Trimmer callout

Daniel Henninger at the Wall Street Journal accurately describes the Donald Trump foreign policy modus operandi:

The controversy overflowing the banks of the press conference between Donald Trump and Vladimir Putin is a moment to step back and assess the nonstop maelstrom called the Trump presidency.

Mr. Trump’s famous modus operandi is the art of the deal. Keep everyone guessing and off balance. Decision first, details later. Drive events, stay on offense, force everyone to react. In this, Mr. Trump has succeeded.

No one—from the individuals who work daily in the White House to friends and enemies in foreign capitals—knows what he may do next. A high-ranking official from an Asian ally who visited the Journal’s offices recently was asked if his government has a clear idea of what Mr. Trump wants them to do on trade. “No,” he said, “we do not.”

The whole world is back on its heels, which is where, according to theory, the art-of-the-deal master wants them.

As I read, I thought “This is true, and it describes an autocracy because nobody, including his White House staff, knows what he will do next and nobody is stopping him.”

Frank Bruni of the New York Times observes that “when it comes to babysitting this president, the Republican Party is a lost cause.” Bruni’s remark would have come across as a fairly anodyne liberal New York Times talking point had I not been mulling over Trump as autocrat (setting aside all other attributes).

That observation ramifies. Stay tuned.

Although one might make the case that this level of autocracy is impeachable, it would be a mere academic exercise at this point. If his own party won’t buck him, this sad, embarrassing wreck of a man, in control of the imperial Presidency we’ve built, has it in his tiny hands, guided by his cribbed mind, to cause untold damage in the world — that is, in foreign policy.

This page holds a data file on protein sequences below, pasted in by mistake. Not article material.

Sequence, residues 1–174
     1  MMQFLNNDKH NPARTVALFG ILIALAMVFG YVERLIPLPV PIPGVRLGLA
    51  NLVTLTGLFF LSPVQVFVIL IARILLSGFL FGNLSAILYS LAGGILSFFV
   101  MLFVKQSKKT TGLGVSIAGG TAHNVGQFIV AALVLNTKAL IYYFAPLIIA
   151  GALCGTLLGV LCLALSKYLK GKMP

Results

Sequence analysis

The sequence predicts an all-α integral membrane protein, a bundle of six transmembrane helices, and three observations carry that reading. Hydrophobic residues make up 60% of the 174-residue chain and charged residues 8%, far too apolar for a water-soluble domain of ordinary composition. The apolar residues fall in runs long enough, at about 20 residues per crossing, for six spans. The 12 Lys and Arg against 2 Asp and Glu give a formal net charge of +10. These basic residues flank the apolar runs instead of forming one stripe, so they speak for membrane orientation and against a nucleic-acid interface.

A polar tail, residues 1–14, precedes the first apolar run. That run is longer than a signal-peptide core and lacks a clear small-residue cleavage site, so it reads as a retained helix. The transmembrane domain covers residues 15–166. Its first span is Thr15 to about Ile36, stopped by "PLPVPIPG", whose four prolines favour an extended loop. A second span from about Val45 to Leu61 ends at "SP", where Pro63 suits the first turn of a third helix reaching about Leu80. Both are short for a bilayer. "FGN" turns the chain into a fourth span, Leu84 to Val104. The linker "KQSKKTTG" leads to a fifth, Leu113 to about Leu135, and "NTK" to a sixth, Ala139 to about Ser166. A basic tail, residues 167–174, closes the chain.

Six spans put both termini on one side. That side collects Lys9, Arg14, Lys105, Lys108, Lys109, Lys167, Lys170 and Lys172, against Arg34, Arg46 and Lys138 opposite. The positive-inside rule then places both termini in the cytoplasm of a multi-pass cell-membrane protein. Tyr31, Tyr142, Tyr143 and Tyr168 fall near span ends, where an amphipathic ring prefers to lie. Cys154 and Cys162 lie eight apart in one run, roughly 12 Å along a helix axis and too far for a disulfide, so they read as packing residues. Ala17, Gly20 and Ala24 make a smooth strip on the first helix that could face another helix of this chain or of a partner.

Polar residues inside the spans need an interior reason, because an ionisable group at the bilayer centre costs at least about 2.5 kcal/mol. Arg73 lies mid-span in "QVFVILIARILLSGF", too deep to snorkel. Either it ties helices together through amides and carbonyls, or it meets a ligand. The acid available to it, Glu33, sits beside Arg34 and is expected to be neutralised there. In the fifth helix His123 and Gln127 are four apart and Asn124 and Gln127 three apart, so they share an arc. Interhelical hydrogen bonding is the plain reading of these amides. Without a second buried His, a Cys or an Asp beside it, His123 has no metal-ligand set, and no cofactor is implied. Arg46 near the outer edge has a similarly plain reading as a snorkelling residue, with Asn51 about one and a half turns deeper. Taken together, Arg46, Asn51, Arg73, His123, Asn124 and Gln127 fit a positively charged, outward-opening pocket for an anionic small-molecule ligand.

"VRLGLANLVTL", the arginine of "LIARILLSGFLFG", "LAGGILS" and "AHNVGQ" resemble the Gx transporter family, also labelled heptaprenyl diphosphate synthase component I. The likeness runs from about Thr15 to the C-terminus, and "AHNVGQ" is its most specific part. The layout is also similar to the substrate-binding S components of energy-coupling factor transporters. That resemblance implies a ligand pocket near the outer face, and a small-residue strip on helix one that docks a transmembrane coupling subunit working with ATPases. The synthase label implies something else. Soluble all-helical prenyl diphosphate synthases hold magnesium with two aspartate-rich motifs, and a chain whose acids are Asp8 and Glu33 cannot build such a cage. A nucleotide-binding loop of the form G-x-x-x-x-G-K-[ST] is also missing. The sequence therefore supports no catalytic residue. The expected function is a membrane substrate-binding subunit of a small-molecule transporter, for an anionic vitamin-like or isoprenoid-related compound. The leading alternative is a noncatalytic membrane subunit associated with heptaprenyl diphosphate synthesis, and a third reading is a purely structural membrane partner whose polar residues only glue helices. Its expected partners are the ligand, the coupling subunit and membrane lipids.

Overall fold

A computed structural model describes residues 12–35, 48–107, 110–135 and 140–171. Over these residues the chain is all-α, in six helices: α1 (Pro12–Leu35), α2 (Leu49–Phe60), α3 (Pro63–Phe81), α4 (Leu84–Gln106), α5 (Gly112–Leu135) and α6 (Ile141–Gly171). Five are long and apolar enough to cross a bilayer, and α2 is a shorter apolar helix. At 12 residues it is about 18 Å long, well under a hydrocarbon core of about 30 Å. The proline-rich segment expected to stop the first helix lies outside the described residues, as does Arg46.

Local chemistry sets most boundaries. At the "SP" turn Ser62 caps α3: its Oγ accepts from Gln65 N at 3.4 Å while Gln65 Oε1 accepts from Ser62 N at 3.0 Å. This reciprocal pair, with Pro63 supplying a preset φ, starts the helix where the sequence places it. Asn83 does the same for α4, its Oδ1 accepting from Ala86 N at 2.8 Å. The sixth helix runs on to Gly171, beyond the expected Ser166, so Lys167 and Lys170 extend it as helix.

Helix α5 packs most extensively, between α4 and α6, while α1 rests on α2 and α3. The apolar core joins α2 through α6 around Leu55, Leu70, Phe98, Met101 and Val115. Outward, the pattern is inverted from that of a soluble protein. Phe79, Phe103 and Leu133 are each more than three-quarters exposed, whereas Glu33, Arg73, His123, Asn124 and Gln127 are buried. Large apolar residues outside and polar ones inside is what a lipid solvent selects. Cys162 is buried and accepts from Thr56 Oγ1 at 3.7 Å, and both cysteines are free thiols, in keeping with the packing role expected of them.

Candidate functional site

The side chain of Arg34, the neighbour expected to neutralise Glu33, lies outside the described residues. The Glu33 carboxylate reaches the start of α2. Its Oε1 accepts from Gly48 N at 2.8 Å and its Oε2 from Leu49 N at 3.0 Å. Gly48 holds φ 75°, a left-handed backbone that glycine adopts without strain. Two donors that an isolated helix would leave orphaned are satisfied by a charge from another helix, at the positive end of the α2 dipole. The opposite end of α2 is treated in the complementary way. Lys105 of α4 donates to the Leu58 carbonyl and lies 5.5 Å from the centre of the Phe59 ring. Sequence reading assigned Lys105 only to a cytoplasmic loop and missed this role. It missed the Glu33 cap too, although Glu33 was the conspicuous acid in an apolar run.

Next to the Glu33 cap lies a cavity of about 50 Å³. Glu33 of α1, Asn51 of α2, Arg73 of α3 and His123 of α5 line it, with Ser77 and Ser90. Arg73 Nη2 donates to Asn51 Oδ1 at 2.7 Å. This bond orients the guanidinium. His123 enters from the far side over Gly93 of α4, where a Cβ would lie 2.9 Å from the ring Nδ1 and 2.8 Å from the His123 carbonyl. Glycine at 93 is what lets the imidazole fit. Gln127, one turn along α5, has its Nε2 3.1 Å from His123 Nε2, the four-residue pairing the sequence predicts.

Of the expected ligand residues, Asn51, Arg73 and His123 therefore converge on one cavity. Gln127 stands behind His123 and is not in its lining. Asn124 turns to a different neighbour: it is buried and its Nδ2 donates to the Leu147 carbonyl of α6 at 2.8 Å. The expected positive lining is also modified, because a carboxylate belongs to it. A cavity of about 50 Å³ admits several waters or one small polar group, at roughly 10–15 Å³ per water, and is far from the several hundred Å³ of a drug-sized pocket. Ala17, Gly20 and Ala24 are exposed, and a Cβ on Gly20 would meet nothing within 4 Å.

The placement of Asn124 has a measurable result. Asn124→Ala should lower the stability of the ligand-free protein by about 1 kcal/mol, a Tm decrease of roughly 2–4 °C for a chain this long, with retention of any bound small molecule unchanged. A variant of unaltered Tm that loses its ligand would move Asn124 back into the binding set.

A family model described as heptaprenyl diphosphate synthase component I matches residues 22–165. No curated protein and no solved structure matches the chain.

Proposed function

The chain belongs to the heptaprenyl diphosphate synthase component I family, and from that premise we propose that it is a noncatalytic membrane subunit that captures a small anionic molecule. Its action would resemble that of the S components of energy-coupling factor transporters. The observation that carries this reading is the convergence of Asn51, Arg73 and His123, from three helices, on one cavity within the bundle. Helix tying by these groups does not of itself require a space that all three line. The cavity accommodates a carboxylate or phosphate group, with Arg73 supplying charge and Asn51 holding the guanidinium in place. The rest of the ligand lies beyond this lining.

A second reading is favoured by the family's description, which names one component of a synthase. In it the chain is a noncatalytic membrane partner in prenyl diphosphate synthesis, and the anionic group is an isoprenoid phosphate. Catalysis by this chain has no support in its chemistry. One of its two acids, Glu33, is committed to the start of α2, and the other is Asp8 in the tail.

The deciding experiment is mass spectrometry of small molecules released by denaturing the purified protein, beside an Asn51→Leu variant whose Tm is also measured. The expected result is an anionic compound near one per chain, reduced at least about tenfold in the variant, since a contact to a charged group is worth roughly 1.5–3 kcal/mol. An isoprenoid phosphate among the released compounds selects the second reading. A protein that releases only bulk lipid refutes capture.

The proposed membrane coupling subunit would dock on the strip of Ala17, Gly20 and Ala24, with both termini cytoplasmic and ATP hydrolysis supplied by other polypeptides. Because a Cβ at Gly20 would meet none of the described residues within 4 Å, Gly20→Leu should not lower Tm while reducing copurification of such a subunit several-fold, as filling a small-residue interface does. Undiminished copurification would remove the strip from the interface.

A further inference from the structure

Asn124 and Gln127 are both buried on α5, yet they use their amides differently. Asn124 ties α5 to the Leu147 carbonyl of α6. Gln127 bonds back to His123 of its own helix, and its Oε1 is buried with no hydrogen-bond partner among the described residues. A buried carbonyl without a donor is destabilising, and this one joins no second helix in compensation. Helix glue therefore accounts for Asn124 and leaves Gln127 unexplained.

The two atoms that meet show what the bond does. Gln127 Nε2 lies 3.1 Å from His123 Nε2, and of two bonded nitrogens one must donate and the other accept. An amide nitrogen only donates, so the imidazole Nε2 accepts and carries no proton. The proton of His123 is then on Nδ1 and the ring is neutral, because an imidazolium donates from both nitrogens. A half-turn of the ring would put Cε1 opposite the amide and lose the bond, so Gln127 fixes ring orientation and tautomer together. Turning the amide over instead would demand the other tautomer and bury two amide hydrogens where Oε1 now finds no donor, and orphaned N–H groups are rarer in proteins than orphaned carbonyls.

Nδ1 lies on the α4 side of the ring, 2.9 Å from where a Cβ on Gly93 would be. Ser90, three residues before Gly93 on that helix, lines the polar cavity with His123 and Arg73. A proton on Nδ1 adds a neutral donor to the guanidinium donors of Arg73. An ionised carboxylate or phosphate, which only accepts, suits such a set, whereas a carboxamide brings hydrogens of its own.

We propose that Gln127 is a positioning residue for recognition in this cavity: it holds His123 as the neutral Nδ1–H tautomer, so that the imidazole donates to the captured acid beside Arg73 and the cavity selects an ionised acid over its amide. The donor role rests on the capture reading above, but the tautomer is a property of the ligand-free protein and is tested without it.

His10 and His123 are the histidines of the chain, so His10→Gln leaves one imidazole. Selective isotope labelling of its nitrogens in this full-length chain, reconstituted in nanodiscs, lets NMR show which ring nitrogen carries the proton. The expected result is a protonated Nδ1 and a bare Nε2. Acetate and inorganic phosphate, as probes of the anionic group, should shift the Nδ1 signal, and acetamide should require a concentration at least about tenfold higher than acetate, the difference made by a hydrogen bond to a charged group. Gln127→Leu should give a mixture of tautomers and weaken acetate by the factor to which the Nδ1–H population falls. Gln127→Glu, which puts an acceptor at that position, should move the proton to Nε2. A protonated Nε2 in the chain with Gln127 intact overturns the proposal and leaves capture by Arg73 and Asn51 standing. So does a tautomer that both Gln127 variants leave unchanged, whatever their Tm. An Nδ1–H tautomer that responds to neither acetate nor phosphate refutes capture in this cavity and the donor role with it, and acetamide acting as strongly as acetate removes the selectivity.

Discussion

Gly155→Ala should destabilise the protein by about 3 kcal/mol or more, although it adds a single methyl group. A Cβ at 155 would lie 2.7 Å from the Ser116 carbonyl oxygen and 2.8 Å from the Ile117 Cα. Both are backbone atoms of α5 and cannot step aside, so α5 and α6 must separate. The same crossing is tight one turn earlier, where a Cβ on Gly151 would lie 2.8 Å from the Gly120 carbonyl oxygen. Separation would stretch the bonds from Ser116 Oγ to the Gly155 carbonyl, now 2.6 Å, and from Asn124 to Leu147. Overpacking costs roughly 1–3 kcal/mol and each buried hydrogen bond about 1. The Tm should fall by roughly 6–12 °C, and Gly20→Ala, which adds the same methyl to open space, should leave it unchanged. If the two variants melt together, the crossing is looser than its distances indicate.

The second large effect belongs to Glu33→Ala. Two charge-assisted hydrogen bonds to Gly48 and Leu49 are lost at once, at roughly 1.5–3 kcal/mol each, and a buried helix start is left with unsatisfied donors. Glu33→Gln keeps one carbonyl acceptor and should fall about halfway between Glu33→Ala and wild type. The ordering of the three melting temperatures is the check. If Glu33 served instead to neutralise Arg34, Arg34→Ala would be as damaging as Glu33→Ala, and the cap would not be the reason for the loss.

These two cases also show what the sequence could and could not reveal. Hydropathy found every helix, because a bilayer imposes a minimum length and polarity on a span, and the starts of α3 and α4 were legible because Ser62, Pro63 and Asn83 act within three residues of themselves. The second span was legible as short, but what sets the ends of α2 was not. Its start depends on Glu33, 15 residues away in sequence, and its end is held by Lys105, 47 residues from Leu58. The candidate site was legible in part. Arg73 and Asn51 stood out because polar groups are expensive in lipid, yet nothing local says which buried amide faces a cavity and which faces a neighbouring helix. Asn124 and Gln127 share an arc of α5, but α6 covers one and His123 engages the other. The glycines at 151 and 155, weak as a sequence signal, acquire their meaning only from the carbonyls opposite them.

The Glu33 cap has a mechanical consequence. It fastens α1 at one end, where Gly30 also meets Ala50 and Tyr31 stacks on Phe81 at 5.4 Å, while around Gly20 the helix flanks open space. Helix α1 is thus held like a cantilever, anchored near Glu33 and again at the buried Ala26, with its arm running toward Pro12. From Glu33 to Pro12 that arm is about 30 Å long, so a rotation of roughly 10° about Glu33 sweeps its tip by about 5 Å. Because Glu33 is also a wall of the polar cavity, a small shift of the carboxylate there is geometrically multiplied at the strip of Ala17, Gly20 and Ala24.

Henninger gives Trump much credit for the booming economy and for his judicial nominees.

When Mr. Trump entered office amid a generalized panic among political elites, the first thing some of us noticed was that he was filling his government with first-rate people. To revive the economy, they included economic advisers Gary Cohn and Kevin Hassett, EPA Administrator Scott Pruitt and OMB Director Mick Mulvaney. On taxes, Paul Ryan and Kevin Brady provided a detailed template. The economy raced to full employment. The stock market boomed.

On the Supreme Court, the most astute minds in the conservative legal movement gave Mr. Trump a list of stellar options. He picked Neil Gorsuch and Brett Kavanaugh. More wins.

Mr. Trump has said that in Mike Pompeo, Jim Mattis and John Bolton he has the foreign-policy team he always wanted. He also said he wanted to do one-on-ones with Messrs. Xi, Kim and Putin. He has done that. The moment has arrived to start listening less to America’s adversaries and more to his own good people. That, in his first year, was the art of the win.

On foreign policy, his competent people are themselves in the dark, and our Narcissist-in-Chief doesn’t know what he doesn’t know.

Mr. Trump’s supporters say he deserves more time to negotiate wins on these big foreign-policy bets. It’s not going to get better.

(Henninger) Thus, it’s time for “show us the money.”

Trump’s ascendancy has highlighted the warranted discontent of those who’ve been left behind economically. Average is Not Over, and average America does not intend to go off to its Bantustan while the new plutocrats grow ever wealthier.

I think that message has been received. I hope it has been received, anyway, and I’m certainly trying to digest it. Our future is more populist. Restoration of the status quo ante will do average America few favors. This generally fits at least a few of my long-lived notions about course correction for America.

Moreover, the time probably has come (I’m ready at least, and have been ready since the anomalies came to my attention from reading smarter people) to re-examine NATO and our other trans-Atlantic alliances in light of nearly 30 years since the end of the Cold War. But I don’t want Trump-as-autocrat doing it by humiliating our historic allies and engaging in secretive tête-a-tête meetings with Vladimir Putin — and I say that as a Russophile. Rearranging treaties in light of changed facts on the ground needs to be an orderly process.